Mon., June 3, 2013 4:02pm (EDT)

State Park Changes Afoot
By Jeanne Bonner
Updated: 1 year ago

ATLANTA  —  
Starting July 1, the state Department of Natural Resources will launch a five-year plan to change how its law enforcement unit works. The agency will also finish privatizing some parks. The DNR will have a public meeting Tuesday in Atlanta but some critics are already voicing concerns.
Starting July 1, the state Department of Natural Resources will launch a five-year plan to change how its law enforcement unit works. The agency will also finish privatizing some parks. The DNR will have a public meeting Tuesday in Atlanta but some critics are already voicing concerns.
Starting July 1, the state Department of Natural Resources will launch a five-year plan to change how its law enforcement unit works. The agency will also finish privatizing some parks. The DNR will have a public meeting Tuesday in Atlanta but some critics are already voicing concerns.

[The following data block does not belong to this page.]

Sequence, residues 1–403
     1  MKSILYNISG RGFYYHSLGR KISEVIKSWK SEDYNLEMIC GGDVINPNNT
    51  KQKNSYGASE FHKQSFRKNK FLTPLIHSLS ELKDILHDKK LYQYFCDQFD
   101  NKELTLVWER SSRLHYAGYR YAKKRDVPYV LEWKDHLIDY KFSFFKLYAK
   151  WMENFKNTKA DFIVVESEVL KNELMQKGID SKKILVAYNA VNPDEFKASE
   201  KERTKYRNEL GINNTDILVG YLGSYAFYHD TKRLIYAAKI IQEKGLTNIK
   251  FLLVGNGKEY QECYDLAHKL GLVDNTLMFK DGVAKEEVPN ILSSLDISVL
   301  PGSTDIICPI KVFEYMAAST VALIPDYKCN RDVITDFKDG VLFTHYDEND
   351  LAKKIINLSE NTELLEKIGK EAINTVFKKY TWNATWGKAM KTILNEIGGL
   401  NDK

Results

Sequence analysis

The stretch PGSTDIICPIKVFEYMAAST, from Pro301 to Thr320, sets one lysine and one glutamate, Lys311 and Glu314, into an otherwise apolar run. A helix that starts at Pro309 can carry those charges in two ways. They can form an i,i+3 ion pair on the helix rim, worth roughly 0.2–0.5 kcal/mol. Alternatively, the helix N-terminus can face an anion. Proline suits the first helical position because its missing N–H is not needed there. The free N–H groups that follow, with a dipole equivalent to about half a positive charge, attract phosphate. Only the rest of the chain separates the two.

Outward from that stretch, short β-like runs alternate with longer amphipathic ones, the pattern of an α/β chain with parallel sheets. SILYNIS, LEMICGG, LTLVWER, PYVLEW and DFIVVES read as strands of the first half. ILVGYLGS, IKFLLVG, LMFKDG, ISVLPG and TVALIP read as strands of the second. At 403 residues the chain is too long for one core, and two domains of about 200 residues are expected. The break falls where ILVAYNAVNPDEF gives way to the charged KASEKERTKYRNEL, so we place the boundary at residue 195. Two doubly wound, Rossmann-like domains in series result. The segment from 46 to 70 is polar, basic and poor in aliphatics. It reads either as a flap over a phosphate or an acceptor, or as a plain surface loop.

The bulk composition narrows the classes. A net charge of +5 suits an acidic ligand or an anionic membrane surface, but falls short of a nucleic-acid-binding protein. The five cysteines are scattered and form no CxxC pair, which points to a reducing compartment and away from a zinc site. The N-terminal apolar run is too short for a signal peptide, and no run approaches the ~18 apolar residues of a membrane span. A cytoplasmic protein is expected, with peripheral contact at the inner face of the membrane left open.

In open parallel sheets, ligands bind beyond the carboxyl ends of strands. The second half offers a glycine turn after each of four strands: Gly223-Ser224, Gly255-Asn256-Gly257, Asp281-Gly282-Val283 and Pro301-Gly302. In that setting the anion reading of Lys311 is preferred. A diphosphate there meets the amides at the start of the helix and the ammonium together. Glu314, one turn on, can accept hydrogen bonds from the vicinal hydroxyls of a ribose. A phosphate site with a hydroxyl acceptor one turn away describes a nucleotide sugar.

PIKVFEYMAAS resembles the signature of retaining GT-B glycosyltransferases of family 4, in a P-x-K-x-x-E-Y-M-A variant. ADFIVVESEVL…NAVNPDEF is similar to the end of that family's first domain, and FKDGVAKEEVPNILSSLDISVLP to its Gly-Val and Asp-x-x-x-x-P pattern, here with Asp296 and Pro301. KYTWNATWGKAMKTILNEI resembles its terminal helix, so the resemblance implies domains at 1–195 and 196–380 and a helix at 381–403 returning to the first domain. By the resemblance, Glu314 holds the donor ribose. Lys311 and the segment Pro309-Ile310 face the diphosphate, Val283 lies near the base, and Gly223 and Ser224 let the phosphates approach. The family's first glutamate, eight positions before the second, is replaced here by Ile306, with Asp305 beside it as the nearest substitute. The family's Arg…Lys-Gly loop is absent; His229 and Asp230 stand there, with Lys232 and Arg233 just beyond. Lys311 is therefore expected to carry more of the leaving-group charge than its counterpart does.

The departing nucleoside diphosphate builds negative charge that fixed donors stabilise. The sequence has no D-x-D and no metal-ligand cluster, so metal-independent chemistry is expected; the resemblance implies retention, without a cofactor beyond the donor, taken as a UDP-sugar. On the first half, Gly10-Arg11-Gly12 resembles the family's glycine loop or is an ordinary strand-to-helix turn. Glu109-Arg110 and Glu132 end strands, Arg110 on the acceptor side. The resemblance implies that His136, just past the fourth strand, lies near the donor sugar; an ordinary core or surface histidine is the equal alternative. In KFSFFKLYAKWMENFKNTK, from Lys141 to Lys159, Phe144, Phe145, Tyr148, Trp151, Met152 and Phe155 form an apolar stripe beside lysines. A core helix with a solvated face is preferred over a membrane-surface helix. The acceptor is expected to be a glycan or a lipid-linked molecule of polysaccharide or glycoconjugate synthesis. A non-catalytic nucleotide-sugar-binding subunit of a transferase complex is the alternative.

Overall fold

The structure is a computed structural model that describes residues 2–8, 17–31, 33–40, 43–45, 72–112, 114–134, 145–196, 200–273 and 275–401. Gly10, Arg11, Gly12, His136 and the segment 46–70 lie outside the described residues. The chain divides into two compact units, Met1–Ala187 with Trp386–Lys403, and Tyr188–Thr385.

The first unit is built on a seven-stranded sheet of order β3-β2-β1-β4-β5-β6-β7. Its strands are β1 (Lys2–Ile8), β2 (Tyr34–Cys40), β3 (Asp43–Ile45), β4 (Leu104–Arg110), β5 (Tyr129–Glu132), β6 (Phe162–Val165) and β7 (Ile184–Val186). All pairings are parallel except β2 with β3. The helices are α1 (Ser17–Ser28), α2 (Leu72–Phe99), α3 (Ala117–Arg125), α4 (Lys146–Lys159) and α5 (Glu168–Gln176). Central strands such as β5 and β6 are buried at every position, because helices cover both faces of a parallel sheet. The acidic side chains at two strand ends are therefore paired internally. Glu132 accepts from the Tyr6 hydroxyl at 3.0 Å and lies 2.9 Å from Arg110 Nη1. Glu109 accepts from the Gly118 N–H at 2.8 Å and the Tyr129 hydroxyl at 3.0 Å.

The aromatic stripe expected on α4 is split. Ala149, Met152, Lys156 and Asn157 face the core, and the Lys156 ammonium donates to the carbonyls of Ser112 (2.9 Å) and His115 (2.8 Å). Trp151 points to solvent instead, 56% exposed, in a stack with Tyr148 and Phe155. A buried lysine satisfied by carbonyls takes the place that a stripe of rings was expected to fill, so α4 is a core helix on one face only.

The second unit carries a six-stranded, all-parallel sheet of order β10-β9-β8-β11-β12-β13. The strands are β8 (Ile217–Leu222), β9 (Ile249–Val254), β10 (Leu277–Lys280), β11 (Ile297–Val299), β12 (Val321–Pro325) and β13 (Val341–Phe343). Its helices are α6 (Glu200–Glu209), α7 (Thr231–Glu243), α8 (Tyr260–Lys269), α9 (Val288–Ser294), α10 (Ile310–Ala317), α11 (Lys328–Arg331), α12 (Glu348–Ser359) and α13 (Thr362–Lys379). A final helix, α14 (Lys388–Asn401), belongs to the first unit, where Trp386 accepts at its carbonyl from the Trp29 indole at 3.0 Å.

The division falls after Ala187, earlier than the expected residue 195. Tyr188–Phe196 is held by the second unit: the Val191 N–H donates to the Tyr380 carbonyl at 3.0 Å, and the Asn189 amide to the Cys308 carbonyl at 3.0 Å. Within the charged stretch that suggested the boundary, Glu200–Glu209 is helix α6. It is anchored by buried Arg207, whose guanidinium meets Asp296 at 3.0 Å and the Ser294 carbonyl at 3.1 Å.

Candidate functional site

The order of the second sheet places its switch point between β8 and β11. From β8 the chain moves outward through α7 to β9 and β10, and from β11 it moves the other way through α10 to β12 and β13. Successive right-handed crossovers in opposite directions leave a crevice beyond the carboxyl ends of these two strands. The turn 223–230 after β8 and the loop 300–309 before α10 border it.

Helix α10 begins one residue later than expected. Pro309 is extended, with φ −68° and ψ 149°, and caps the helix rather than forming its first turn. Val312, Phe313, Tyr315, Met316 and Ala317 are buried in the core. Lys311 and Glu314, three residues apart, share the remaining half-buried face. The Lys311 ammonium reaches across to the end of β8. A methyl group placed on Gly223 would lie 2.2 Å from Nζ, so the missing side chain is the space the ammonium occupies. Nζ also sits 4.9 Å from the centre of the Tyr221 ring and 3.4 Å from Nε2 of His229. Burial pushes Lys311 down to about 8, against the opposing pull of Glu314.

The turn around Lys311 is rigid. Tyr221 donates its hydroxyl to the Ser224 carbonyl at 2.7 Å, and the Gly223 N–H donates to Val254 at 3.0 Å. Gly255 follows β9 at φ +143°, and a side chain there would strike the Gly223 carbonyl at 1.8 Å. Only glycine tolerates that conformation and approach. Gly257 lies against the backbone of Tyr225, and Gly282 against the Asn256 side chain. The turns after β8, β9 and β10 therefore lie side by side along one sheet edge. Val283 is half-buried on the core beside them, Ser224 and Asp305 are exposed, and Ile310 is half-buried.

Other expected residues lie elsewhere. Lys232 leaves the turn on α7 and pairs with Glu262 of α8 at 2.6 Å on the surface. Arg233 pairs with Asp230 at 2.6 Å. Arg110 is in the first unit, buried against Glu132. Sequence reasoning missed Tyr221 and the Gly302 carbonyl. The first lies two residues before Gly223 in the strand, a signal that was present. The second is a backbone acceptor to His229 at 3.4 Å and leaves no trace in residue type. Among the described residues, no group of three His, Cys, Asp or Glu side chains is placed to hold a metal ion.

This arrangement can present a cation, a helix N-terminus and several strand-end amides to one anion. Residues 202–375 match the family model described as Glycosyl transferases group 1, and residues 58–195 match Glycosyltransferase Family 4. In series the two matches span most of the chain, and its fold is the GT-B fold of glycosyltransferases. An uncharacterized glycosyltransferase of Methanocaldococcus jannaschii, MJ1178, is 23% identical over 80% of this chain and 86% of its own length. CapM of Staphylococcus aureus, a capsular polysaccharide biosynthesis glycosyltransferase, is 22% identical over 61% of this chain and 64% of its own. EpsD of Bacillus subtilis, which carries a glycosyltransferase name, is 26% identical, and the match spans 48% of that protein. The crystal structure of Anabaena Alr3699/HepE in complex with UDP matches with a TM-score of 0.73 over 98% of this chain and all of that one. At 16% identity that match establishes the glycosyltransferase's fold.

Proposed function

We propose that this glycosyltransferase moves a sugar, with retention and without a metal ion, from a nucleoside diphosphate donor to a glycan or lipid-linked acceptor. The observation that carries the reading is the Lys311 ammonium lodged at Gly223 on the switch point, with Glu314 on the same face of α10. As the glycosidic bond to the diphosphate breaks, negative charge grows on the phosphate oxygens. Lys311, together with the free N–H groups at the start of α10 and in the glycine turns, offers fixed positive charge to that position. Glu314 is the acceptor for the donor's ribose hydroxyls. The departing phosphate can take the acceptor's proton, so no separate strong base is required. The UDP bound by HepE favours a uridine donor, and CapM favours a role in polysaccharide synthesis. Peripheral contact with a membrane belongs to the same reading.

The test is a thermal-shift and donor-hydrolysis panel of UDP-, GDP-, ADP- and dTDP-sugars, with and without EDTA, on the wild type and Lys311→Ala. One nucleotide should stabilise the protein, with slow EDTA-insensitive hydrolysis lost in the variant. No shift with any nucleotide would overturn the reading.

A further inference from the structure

Under the plan, rangers will either become full-time law enforcement personnel or focus solely on park duties.

Private firms already running lodges at five state parks will take charge of those entire properties.

Homer Bryson, the agency’s deputy commissioner, says the changes will keep the parks open, and allow rangers to, "work on habitat improvement, or work on the upkeep of roads because they will no longer have those law enforcement responsibilities. So they will have some man-hours that they can devote to resource management.”

Some worry the move will divert money away from park services, and fisheries and game management.

Todd Holbrook is head of the Georgia Wildlife Federation and a former deputy commissioner of the DNR. He says something has to give.

“Either state parks enforcement is not going to get the level of attention it so desperately needs and deserves, and that state parks users have come to expect, or hunters and fishermen are going to get less services, or you’re going to have to move money out of some division, most likely wildlife resource management, into the new law enforcement division, to make up that gap,” he said.

DNR officials say the agency has lost almost 50 percent of its taxpayer funding over the past few years. And yet under the plan, the parks will remain open.

Holbrook also says the agency has kept the public out of the process. But Bryson says it wasn’t necessary to seek public comment because the changes won’t result in fewer services.